Somewhere between a raspy Somalian rapper, a Palestinian poet and a Debbie Allen-directed dance performance, the American idea of what it means to be Arab begins to grow.
The word “Arab” is used way too liberally in the American vernacular. Since 9/11 and the advent of our six-year war, the term has become a mutilated mainstay in public debate—a common appropriation, the de facto cultural label for all things Islamic, terrorist-related or alien.
During the last presidential election John McCain supporters used the A-word as an epithet against Barack Obama. And recently, Busta Rhymes put stereotypes to song—and dance—with his shameful single, “Arab Money.”
Thankfully, a culture coup is underway.
The John F. Kennedy Center for the Performing Arts in Washington has provided an opportunity to correct some misconceptions of Arab identity, providing a platform for more than 800 Arab artists to reclaim the right to self-definition. Arabesque: Arts of the Arab World is in the final leg of its three-week run at the Kennedy Center, celebrating the richness and diversity of arts and culture of more than 22 Arab countries. The festival, which includes music, dance, theater and an array of ongoing art and cultural exhibitions, is the biggest showcase of Arab art in the U.S.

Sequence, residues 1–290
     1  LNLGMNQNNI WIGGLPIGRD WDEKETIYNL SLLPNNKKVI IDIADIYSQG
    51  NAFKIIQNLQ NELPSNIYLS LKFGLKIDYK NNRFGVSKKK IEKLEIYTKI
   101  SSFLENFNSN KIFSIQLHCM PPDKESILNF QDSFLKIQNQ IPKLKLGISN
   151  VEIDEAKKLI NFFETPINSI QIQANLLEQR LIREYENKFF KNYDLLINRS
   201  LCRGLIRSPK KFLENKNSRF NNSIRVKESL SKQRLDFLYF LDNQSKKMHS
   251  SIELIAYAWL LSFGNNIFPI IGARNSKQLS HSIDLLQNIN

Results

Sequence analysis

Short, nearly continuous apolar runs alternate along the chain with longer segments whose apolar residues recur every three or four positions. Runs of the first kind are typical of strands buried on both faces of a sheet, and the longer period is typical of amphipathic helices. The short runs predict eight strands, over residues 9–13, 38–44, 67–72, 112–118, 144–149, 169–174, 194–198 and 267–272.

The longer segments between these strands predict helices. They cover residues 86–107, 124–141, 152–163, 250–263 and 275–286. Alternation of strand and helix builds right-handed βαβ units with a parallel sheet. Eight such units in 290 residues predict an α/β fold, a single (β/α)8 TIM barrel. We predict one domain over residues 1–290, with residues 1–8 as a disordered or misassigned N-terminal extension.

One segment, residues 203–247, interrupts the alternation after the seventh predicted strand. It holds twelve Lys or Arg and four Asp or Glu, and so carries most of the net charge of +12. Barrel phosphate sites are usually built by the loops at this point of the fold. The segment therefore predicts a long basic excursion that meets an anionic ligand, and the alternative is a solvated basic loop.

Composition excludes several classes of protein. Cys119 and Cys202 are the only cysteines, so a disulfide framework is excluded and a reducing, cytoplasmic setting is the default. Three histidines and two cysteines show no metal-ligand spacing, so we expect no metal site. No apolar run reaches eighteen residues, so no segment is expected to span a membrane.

But the magnitude of Arabesque is matched only by its potential impact, the opportunity for the Arab Diaspora to share their truth with a new and uninitiated audience. No Western lens; no otherworldly exoticism; just unfiltered voices with a story to tell.
The limited perception of Arab cultures may indeed be an American phenomenon, but Somali rapper K’Naan has hope for expansion. The self-proclaimed “Dusty Foot Philosopher” conquers cultural ignorance by teaching his audience about the harsh realities of his native land.
I'm from the most risky zone - oh
No place is more shifty global
More pistols, Russian revolvers
We shootin' all that is normal
As he took the Millennium Stage, K'Naan borrowed from his personal narrative and pain-filled childhood in war-torn Mogadishu. His performance put a human face to the cold news reports of the combat abroad—that of his murdered girlfriend, Fatima.
Damn you shooter, damn you the building
Whose walls hid the blood she was spilling
Damn you Country so good at killing
Damn you feeling, for persevering
His free show during Arabesque’s opening weekend brought in droves of listeners—many of whom shared K’Naan’s East African roots. They stood in line for nearly an hour to hear K’Naan’s raspy recollections of his old home. And while there was no pretty bow tied around his past, the Dusty Foot Philosopher was insistent on attaching a silver lining: “We're not mourning; We're celebrating.” It is a festival, after all.
Still, a debate about Arab identity in America can be risky. You never know what scary—or stupid—comments will come out of people’s mouths. That’s where Suheir Hammad comes in, with a few choice words of her own.